Legacy/Override Built In Plugin
The goal of this tutorial is to explain how to override the functionality of a Built In plugin, such as SimpleHMD, without changing the original plugin source. This is useful for instance, when you want to change an existing plugin behavior but the changes should only be applied to a specific project.
We will override the SimpleHMD plugin as an example.
The tutorial was only tested on Windows, although the general logic should be similar in OSX.
We assume the reader is familiar with plugins in UE4 (https://docs.unrealengine.com/latest/INT/Programming/Plugins/index.html).
- Create a Plugins folder inside your project directory if it does not exist already.
- Copy the folder of the plugin you want to override from the Unreal Engine installation folder to your project's Plugins folder (e.g. C:\Program Files\Epic Games\4.9\Engine\Plugins\Experimental\SimpleHMD -> C:\Users\pgomes\Documents\Unreal Projects\plugin_override\Plugins\SimpleHMD). All further modifications will be in your project's local Plugins folder.
- Rename the plugin folder (...\Plugins\SimpleHMD -> ...\Plugins\SimpleHMDX).
- Change the uplugin file name to match the new plugin name (...\Plugins\SimpleHMD\SimpleHMD.uplugin -> ...\Plugins\SimpleHMDX.uplugin).
- Edit the *.uplugin file with a text editor. Modify the FriendlyName and the Module>Name property ("SimpleHMD" -> "SimpleHMDX").
- Rename the *.Build.cs file (SimpleHMD.Build.cs -> SimpleHMDX.Build.cs).
- In the public header (...\Public\ISimpleHMDPlugin.h) change the FModuleManager related function calls arguments to match your new plugin name. In our SimpleHMD example:
FModuleManager::LoadModuleChecked< ISimpleHMDPlugin >( "SimpleHMD" ); //-> FModuleManager::LoadModuleChecked< ISimpleHMDPlugin >( "SimpleHMDX" ); // // and // return FModuleManager::Get().IsModuleLoaded( "SimpleHMD" ); //-> return FModuleManager::Get().IsModuleLoaded( "SimpleHMDX" );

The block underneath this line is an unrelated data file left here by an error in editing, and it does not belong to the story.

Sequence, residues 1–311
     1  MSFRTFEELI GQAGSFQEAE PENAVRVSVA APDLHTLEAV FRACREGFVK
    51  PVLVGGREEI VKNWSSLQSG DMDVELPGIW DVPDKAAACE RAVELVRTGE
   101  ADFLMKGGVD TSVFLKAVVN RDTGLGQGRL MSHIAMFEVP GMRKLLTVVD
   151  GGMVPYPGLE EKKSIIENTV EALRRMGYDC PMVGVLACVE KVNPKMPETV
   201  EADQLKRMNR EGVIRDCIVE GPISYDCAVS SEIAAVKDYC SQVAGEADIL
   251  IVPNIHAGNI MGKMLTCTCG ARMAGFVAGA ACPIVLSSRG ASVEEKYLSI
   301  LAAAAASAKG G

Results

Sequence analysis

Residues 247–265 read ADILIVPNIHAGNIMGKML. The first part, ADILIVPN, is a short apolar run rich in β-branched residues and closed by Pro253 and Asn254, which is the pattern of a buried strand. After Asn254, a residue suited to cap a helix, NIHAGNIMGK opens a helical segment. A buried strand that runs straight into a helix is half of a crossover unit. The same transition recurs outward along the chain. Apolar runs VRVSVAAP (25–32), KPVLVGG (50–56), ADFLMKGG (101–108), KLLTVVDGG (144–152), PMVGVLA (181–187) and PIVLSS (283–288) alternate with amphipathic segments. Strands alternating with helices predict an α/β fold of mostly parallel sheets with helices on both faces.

- Edit the *.Build.cs and modify the PrivateIncludePaths engine adds to be relative to the engine folder and not the local directory. In our example:
// add to the top using System.IO; // // and // "../../../../Source/Runtime/Renderer/Private", //-> Path.GetDirectoryName( RulesCompiler.GetModuleFilename("Renderer"))+"/Private",
- Still in *.Build.cs, change the name of the class, and constructor, to match your new plugin name (SimpleHMD -> SimpleHMDX).
- Change the macro calls to IMPLEMENT_MODULE to reference your new plugin name. In our example edit ..\Private\SimpleHMD.cpp
IMPLEMENT_MODULE( FSimpleHMDPlugin, SimpleHMD ) //-> IMPLEMENT_MODULE( FSimpleHMDPlugin, SimpleHMDX )
- Open your unreal project. You will be prompted to build the new added plugin.
- Navigate to Window>Plugins. There should be a new plugin available. Tick the checkbox for your new plugin and make sure that the old plugin is unticked.
You should now be ready to modify the plugin so that the changes you make only affect your local project.
Q: Why don't you rename more elements inside the plugin in your instructions?
R: While it's certainly possible to rename more things in the plugin, namely class names, further changes need to be made consistently. What I propose are a small set of consistent modifications that allow the Unreal editor to recognize the plugin as being different.
Q: Whenever I tick the new plugin, the old plugin also gets ticked. What is happening?
R: Your probably forgot to do one of the name changes I suggest above. Most likely the module name in the *.uplugin file. Remember to change both the friendly name and the module name.